[erlang-questions] "New" vs. "old" console behavior: bug or feature?
Wed Apr 24 21:01:38 CEST 2013
On 04/24, Robert Virding wrote:
> Strange because both user.erl and group.erl "should" be able to handle output requests in the middle of getting input. But it is a little difficult to see in group as there is all this tricky search code. :-)
The big difference I see is really about an io_request that requires
more input coming directly to user. In most cases, things will be fine.
When we have shell.erl requesting data to user.erl, we enter an
io_request to fetch for content through io:scan_erl_exprs/3. This one
has a get_until io request, which makes the user.erl process enter
get_chars/7. This one, until it gets the 'eof' value it set itself
internally, will keep looping in get_chars/8. In this spot, I believe it
should still be able to serve IO reqs, except when it starts getting
data from the port, at which point, it enters get_chars_bytes/8, which
may end up calling get_chars_apply/7.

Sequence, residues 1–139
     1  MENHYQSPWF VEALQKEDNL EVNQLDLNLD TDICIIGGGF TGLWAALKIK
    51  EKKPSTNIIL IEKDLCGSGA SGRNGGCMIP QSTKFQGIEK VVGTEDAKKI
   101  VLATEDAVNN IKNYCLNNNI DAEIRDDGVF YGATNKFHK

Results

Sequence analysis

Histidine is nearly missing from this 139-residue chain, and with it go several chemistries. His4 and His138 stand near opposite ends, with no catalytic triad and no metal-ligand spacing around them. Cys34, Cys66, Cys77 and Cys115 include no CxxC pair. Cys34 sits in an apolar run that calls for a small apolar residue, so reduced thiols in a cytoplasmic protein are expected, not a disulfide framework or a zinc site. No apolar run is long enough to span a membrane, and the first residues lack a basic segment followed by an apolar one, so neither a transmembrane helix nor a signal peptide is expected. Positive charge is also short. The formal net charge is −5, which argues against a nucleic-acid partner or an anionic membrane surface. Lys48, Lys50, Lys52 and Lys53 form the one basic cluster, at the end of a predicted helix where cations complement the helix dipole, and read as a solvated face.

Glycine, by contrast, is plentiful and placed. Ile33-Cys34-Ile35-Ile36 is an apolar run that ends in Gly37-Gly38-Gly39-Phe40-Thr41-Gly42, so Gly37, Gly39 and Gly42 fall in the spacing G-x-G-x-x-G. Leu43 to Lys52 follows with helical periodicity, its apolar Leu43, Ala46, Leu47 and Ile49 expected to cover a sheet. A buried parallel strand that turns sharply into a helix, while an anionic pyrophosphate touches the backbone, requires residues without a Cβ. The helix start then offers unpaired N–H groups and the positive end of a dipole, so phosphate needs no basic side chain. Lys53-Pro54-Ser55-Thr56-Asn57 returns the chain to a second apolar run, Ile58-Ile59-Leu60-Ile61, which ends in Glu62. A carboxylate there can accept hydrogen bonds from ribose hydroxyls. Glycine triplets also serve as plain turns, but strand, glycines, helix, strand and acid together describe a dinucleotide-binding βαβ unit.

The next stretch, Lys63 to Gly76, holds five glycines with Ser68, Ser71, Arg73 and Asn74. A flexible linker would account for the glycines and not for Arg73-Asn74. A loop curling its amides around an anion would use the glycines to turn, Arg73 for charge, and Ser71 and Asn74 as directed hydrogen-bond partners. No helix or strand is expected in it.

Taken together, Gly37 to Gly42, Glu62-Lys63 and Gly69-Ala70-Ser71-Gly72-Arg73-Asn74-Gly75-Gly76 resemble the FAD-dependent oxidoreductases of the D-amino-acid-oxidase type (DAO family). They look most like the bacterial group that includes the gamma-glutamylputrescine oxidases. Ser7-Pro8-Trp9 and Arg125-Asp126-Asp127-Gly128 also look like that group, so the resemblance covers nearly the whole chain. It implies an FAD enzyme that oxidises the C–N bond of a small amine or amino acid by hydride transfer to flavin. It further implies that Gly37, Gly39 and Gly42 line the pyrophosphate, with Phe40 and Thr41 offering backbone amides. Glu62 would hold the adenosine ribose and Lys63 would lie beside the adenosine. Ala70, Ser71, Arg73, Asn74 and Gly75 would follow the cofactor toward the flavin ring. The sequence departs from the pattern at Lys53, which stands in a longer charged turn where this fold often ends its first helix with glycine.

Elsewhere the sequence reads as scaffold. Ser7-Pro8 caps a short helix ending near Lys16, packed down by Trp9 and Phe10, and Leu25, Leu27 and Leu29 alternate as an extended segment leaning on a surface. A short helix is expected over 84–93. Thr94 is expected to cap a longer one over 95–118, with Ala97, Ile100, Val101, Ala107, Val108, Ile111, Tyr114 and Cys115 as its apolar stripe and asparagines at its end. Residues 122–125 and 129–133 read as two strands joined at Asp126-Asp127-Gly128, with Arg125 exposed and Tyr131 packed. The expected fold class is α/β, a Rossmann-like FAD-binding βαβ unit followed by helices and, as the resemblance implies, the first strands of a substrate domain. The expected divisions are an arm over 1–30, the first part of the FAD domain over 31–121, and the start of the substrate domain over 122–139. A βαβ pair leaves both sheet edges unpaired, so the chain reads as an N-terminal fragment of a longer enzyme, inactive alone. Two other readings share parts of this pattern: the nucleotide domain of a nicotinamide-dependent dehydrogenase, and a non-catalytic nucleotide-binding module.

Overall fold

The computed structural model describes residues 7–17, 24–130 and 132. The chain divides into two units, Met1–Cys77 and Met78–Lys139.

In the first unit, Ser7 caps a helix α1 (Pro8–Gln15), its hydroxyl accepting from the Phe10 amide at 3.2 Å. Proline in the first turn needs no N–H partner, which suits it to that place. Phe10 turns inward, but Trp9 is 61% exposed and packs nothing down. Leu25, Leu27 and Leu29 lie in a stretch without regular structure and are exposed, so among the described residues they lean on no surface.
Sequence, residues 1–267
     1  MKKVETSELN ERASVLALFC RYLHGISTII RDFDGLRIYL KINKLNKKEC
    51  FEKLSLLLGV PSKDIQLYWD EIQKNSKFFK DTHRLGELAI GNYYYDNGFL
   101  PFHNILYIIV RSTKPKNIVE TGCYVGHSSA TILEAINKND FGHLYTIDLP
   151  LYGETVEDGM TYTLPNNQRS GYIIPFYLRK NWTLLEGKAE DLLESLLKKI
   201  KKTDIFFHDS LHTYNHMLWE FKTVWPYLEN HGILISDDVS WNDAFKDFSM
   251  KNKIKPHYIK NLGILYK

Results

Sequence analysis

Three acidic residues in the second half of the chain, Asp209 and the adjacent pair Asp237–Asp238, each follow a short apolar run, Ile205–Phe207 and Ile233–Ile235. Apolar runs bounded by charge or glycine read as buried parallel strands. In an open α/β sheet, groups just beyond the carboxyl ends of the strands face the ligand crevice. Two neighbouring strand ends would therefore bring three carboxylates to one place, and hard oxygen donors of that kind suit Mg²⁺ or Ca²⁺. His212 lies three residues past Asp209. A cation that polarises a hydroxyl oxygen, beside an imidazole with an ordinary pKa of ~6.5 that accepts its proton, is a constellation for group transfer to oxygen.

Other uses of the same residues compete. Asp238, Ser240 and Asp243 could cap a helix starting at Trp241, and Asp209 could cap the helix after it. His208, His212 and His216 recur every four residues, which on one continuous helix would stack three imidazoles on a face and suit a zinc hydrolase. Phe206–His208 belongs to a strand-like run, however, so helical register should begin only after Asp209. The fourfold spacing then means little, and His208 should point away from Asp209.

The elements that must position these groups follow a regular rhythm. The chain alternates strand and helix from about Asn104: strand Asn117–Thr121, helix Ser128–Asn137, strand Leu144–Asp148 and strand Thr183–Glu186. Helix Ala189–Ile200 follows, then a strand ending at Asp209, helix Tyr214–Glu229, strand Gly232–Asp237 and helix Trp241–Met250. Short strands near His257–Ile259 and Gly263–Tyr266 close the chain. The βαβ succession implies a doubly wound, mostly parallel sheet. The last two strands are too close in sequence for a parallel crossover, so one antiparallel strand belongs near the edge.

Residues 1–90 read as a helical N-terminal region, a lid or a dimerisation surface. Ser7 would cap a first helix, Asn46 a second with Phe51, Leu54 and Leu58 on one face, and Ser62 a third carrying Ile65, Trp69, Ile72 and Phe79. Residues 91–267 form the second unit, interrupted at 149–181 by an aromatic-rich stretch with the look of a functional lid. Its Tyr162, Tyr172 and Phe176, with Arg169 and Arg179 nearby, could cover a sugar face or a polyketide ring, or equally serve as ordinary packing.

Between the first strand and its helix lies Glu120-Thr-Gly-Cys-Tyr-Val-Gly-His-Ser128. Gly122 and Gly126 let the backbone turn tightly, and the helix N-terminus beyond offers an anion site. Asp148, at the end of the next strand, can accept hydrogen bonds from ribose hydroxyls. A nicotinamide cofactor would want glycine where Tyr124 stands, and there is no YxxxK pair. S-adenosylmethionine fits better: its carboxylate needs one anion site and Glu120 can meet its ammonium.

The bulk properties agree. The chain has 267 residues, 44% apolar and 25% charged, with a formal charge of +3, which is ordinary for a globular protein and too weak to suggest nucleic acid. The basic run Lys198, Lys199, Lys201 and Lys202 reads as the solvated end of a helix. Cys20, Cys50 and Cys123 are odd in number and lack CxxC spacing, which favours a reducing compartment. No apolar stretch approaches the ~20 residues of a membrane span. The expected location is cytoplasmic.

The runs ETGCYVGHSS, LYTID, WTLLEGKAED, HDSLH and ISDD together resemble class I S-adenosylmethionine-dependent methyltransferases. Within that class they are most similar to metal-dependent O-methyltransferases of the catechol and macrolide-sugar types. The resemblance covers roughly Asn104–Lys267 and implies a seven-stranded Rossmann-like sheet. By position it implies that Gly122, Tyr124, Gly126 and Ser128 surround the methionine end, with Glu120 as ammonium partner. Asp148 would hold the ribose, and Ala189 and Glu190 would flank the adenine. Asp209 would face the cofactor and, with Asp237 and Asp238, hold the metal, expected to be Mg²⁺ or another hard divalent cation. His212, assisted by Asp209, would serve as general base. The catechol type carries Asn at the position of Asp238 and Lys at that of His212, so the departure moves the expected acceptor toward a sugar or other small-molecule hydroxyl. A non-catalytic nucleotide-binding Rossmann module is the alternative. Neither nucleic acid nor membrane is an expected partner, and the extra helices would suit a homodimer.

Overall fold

Once you enter this one, there's a possibility of having incomplete
data, prompting for a new state, which calls get_chars_more/7, which
selectively receives and ignores io requests and can go recursively.
I'm guessing (at a glance, haven't checked if it actually enters these
paths with the actual code) that this is where the blocking happens. In
fact, a quick try with process_info/1 shows me that it's where the
'user' proc gets stuck:
Looking at this, I'm guessing it would be possible to have a workaround
where get_chars_more/7 could listen to io_requests, but only if they are
for output -- otherwise you could get into nasty cases where you start
accepting other io requests that pull for data and things would get even
more confusing really fast and turn the handling of io events inside
I'm thinking I recall seeing group.erl having a similar function that
could get locked up, but I haven't checked or tested to see if it was
indeed possible to lock it up in a similar way -- the fact that 'user'
is a distinct standalone group process makes the issue unlikely to
happen in the first place.
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